Francis Jourdain (1876 – 1958) – painter, interior designer, ceramicist

Art Deco Armchair by Francis Jourdain, 1930s
Art Deco Armchair by Francis Jourdain, 1930s

Early Years

Francis Jourdain (1876 – 1958), the son of architect Frantz Jourdain, was born on November 2, 1876. His father created the Salon d’Automne collection. He benefited from his parents’ friendships with prominent intellectuals (Émile Zola, Alphonse Daudet) and artists of the time (the circle of Alexandre Charpentier). According to Jourdain, the culture in which Jourdain grew up was dominated by people who were strongly opinionated and willing to take sides. He saw it as corrupted by prejudices, xenophobia, and intense emotion, even though its members pretended to support liberty and compassion. His father was a model citizen in this society.

Jourdain became a painter and a pioneer of the Art Nouveau style, earning acclaim as the decorator of the Villa Majorelle in Nancy. At the 1900 Exposition Universelle in Paris, Jourdain showed a stencilled panel with elegant, cleanly silhouetted images.

Biography

Following the teachings of Adolf Loos (1847–1933), Jourdain started designing furniture in 1911. In 1912, he founded Les Ateliers Modernes, a small furniture factory. He advertised in the radical newspaper L’Humanité, designing modular wooden furniture for working-class citizens. He was able to make small spaces look larger by using built-in furniture and storage systems. By 1919, he had opened Chez Francis Jourdain, a furniture store.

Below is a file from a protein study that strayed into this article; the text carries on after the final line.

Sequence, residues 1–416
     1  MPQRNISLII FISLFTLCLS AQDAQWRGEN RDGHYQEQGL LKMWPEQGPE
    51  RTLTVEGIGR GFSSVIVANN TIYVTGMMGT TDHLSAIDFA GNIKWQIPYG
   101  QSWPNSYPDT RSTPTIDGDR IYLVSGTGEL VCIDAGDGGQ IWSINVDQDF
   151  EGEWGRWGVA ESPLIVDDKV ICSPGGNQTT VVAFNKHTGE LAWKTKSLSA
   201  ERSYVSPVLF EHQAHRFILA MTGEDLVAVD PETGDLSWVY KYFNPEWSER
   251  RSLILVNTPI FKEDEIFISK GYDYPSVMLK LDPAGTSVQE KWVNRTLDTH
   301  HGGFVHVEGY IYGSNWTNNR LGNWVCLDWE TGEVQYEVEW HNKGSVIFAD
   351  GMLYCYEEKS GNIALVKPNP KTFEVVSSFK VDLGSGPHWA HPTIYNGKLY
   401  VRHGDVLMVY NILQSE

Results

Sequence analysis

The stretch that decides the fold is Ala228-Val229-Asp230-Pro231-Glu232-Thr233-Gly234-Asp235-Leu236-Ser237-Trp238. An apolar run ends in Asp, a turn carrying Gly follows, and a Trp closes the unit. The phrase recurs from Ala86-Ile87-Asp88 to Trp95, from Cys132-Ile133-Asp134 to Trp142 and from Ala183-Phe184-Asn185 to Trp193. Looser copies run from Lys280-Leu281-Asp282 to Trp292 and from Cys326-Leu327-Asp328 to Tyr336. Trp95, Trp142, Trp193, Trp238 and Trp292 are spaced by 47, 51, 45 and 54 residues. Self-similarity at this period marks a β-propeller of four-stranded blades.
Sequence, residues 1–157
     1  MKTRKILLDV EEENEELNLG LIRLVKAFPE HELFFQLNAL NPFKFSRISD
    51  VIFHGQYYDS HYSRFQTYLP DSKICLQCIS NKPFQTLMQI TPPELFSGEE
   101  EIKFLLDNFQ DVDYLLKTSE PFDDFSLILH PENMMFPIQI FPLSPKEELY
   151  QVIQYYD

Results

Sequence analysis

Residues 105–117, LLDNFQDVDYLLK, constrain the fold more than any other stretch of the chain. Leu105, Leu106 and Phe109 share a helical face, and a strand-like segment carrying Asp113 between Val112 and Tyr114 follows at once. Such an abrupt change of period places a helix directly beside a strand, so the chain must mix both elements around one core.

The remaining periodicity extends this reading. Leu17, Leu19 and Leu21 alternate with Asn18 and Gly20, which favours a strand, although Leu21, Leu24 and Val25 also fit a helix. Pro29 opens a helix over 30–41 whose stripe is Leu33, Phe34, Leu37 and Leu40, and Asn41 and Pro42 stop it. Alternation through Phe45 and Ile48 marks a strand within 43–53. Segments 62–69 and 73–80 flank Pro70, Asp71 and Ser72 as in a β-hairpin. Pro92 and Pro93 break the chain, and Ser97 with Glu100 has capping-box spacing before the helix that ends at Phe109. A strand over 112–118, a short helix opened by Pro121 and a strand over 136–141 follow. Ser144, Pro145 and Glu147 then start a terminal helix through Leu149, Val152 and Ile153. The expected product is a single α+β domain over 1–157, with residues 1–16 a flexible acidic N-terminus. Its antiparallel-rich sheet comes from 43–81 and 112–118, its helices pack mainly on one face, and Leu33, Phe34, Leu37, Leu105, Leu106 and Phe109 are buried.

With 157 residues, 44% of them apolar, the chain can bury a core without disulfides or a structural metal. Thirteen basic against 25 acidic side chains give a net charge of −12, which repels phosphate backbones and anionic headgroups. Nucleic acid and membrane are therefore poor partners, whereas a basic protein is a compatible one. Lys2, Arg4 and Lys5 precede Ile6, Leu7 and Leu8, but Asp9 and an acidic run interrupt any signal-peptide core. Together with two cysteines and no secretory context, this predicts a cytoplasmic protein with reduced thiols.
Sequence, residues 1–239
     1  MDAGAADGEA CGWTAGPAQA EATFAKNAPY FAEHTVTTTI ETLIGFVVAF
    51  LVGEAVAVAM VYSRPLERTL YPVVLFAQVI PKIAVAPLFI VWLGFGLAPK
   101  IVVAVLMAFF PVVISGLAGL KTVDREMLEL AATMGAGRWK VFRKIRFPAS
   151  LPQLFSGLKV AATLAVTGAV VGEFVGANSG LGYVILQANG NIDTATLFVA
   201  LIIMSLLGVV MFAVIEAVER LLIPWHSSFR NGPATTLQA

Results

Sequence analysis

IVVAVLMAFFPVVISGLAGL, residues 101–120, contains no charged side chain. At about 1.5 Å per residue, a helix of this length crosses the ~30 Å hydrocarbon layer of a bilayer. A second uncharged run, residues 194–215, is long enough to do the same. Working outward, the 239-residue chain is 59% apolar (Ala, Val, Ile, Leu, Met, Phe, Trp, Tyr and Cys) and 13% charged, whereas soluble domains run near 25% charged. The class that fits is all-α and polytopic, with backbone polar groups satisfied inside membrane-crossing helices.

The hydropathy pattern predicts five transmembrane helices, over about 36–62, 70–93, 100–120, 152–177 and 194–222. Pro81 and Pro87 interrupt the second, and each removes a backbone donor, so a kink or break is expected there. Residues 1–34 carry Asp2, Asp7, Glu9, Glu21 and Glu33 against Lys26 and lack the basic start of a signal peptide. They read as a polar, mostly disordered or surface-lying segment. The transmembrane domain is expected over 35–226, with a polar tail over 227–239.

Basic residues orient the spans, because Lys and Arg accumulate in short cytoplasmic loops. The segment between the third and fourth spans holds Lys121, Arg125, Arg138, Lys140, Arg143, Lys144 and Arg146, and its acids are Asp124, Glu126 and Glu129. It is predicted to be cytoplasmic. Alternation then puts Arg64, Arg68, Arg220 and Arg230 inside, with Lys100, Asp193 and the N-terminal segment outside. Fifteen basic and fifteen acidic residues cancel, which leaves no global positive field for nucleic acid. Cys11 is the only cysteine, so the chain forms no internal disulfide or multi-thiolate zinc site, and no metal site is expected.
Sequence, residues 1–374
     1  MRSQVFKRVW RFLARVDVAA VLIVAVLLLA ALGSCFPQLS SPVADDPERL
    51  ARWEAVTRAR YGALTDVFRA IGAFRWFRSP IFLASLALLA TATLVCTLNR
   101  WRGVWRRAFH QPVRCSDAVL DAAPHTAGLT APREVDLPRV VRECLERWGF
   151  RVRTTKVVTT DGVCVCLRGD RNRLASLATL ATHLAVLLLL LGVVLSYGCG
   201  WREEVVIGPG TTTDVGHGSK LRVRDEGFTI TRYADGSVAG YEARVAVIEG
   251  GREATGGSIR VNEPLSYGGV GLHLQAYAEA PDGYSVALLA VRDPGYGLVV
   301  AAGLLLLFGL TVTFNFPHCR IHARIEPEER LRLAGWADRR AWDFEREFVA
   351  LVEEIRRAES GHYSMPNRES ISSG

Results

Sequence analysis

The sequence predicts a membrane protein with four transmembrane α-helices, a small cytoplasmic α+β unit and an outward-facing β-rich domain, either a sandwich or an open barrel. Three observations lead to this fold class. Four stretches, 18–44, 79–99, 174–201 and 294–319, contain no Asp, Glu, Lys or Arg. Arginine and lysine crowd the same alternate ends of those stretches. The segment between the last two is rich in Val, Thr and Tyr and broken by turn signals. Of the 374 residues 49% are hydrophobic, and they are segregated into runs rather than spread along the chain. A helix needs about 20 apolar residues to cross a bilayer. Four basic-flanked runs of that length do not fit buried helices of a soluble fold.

French Armchair, 1950s by Francis Jourdain
French Armchair, 1950s by Francis Jourdain

From 1913 to 1928, Jourdain exhibited regularly at the Salon d’Automne and the Societé des Artistes Décorateurs. Jourdain wrote several essays on modern art and aesthetics in which he chastised contemporary French design for its ostentatious luxury. His designs were straightforward in construction and plain in nature. In 1920, he worked with Le Corbusier to publish the government-subsidised journal L’esprit nouveau. It encouraged standardisation and industrial development as an alternative to individual design in the years following World War I (1914–18) when France’s culture and economy were shattered.

'Virgule' armchair, circa 1922 by Francis Jourdain (Christie's)
‘Virgule’ armchair, circa 1922 by Francis Jourdain (Christie’s)

Unlike other exhibits, Jourdain’s “Physical Culture Room” at the 1925 Exposition Internationale des Arts Décoratifs et Industriels Modernes (International Exposition of Modern Industrial and Decorative Arts) did not emphasise luxury living. On the walls and ceilings, he used smooth wood panelling that looked like riveted metal sheets. Between 1925 and 1930, he collaborated with Robert Mallet-Stevens (1886–1945). In 1937, he displayed an interior he designed for an Intellectual Worker at the Paris Exposition Internationale des Arts et Techniques dans la Vie Moderne.

Sources

Wikipedia contributors. (2021, February 25). Francis Jourdain. In Wikipedia, The Free Encyclopedia. Retrieved 20:06, March 30, 2021, from https://en.wikipedia.org/w/index.php?title=Francis_Jourdain&oldid=1008848014

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